Indian democracy had shown tremendous resilience in these cases. In place of taking stern actions against such gentlemen, penal actions were initiated against all those who were instrumental in exposing them and most surprisingly, the common man did not react as expected from him. He was more than busy to earn his livelihood; probably it did not even bother him as it did not affect him.
After the JMM case it was free for all and with the weakening of the Centre and none of the national parties acquiring the strength to dominate and form government in Delhi on their own, coalition politics became the new political mainstream. Small became more beautiful, Independents suddenly gained new muscle power. Now they can shake the government and their small utterances can force the most powerful to run after them. It was this new mainstream which saw the demise of the Atal Bihari Vajpayee government by just one vote. Nobody knows how much money was exchanged then and who paid whom.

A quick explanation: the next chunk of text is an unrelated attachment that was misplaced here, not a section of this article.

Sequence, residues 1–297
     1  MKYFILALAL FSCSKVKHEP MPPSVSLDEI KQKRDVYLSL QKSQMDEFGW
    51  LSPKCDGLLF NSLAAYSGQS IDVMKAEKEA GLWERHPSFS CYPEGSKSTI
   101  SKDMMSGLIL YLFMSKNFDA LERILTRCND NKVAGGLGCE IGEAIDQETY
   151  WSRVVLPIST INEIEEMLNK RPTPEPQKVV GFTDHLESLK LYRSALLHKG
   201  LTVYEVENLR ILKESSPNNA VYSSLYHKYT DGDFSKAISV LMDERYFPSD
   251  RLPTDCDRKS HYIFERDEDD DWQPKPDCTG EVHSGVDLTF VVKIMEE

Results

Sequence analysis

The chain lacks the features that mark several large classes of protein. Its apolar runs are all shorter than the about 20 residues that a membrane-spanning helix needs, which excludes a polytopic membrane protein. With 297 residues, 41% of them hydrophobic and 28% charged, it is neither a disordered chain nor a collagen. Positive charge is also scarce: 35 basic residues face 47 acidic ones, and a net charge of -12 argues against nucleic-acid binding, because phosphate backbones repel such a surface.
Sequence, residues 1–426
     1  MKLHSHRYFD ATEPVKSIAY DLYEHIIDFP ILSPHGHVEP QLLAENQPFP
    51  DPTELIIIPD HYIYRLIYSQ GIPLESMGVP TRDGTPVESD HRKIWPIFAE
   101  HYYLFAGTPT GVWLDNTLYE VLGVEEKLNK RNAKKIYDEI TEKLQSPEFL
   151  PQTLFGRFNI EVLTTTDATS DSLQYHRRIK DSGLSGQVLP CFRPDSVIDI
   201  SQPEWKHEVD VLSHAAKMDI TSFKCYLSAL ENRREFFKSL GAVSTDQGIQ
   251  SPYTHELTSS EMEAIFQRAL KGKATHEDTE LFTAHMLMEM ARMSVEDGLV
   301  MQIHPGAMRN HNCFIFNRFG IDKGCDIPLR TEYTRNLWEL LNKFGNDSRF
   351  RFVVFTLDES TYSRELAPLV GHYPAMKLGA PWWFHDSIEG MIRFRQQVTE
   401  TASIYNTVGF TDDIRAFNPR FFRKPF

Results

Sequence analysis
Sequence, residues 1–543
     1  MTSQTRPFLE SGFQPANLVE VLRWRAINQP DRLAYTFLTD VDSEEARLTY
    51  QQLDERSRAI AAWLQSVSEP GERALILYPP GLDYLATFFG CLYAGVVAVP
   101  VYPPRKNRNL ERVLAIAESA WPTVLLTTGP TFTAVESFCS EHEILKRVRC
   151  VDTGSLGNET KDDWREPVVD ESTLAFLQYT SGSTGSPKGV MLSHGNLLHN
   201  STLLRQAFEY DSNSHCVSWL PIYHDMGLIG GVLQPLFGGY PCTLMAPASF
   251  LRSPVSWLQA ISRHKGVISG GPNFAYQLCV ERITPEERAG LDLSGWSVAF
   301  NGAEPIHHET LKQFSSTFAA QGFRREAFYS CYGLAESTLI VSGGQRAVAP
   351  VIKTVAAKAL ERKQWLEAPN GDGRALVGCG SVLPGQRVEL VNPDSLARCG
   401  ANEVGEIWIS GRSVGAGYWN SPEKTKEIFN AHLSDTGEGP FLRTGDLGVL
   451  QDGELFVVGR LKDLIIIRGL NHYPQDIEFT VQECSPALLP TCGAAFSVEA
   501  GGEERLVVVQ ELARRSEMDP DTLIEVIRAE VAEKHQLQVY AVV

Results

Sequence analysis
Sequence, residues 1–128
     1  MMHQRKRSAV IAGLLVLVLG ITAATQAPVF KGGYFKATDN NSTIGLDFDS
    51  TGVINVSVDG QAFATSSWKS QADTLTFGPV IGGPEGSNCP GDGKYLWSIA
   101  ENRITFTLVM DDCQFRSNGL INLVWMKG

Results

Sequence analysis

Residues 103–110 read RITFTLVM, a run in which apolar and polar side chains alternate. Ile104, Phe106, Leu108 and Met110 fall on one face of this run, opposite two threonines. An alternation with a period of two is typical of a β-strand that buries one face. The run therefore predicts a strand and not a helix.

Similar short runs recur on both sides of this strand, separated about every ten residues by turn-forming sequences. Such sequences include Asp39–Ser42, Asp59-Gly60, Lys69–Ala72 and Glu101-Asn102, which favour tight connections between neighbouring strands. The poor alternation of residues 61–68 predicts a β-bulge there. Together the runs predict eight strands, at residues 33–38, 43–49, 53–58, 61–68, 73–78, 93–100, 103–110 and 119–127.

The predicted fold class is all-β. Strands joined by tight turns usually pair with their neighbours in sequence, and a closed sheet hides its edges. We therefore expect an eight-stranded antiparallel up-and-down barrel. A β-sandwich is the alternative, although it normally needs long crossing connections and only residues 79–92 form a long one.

Whether it was UP or very recently in Karnataka, many minority governments suddenly gained majority status in legislature. Kalyan Singh and Mulayam Singh Yadav have mastered this art to perfection. And the Speaker of the House became a partner in this game of chess. Anti-defection law was rendered as a joke. And Kesari Nath Tripathi emerged as new icon for all the Speakers.